Is it okay for the Supreme Court to have Catholics and Jews and no Protestants despite the fact that the nation is predominantly Protestant? The judicial branch is but one of the three major branches of the federal government. The executive branch has been overwhelmingly Protestant ever since the founding of the republic. There has been exactly one Catholic President, and he did not survive his term in office. No Jew has ever been elected President. So when you step back and look at the bigger picture, there is nothing particularly wrong about 1 branch of the government having more Catholics and Jews. And anyway, the SCOTUS is not a representative body meant to give an equal voice to each subculture, religion, or ethnicity in the U.S. Protestants don't deserve a seat any more than Hindus or Buddhists.

    May 19, 2010 at 11:13 am |
    • Mike

      Let me educate you. There are 68 million Catholics in the US. No other denomination is greater! To be Protestant is to be Lutheran, Prybyterians, Angelican, etc. So as a whole they're larger but if you're looking at each denomination then that's not the case.

      May 19, 2010 at 11:19 am |
    • Treat

      @ MIKE: I am looking at the Protestant-Catholic dichotomy in the way that it is ALWAYS discussed and in which it is discussed in this article. That is to say that all the separate sects that make up Protestantism are lumped together as "Protestants." Whether or not Catholics outnumber any individual Protestant group is immaterial. Catholics are a minority in the U.S., albeit a sizable one. There are roughly twice as many Protestants as Catholics in the U.S.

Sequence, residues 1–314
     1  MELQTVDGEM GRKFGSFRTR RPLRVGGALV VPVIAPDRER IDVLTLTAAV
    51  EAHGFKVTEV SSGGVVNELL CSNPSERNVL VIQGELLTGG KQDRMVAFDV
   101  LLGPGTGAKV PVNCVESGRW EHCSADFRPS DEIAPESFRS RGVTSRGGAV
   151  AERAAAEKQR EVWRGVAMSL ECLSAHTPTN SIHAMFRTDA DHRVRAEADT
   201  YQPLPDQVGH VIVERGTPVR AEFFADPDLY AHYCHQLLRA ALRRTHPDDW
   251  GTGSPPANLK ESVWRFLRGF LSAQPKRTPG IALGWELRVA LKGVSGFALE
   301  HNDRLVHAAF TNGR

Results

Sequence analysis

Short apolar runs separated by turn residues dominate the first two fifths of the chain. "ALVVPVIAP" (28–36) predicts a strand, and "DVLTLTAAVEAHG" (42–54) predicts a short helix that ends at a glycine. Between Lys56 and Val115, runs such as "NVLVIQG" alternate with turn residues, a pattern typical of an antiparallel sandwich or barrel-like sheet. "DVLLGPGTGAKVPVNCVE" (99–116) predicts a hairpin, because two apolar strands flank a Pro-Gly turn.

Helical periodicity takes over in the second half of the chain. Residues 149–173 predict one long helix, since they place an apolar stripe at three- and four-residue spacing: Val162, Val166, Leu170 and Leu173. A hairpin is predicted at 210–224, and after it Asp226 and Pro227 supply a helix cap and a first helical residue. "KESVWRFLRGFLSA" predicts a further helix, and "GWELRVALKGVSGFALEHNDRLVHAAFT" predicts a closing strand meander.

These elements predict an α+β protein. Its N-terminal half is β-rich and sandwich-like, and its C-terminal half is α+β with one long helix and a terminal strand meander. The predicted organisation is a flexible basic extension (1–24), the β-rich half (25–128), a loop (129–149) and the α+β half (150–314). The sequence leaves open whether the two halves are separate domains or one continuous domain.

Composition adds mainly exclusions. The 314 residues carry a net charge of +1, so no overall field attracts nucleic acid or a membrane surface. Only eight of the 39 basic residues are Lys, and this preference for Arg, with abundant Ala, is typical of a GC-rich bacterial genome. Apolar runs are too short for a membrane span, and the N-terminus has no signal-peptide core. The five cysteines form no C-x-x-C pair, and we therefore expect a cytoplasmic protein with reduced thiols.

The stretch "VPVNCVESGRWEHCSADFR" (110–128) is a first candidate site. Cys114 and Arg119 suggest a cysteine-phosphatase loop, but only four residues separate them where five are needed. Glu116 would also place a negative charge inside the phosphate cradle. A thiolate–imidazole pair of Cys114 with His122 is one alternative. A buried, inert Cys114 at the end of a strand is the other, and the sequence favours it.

Getting back to the point at hand, the President gets to appoint justices to the SCOTUS. I for one do not think the President has any obligation whatsoever to choose an appointee based on any concept of diversity. (That said, the choice of appointment made by a Black POTUS is itself an example of diversity in action. That seems to be unappreciated.) No particular group should expect to be represented per se. The expectation should be that the justices are fair and impartial to all citizens.

      May 19, 2010 at 11:51 am |
  12. Jennifer

    wow, that's sloppy math. the numbers are right, but the fact that you have people who don't believe in any faith analyzing how different the various systems of believe are between the faiths is ridiculous. No, catholics aren't the same as protestants, and Jews dont equal protestants, and Catholics don't equaly Jews – etc. They vote differently, believe differently, pray differently. Sloppy, uninformed reporting, but with this kind of content – it's also dangerous. It's a slippery slope where someone somewhere who has no idea what they're talking about but has a microphone to the masses starts making erroneous, declarative statements. All of a sudden, mantras (in place of truth) are adopted, and it becomes a mess. Do your homework, and be careful what you say. Your assessments are lazy and inaccurate.

    May 19, 2010 at 11:13 am |
  13. muldoon in ohio

    Instead of the religion of each justice, I'm a lot more concerned with what law school and legal background are represented on the supreme court. I really hate to think where the country would be headed of all these justices were Harvard educated and possessed the same legal bias toward business and politics. If that were the case, I wouldn't consider the court a true representation of Constitutional justice.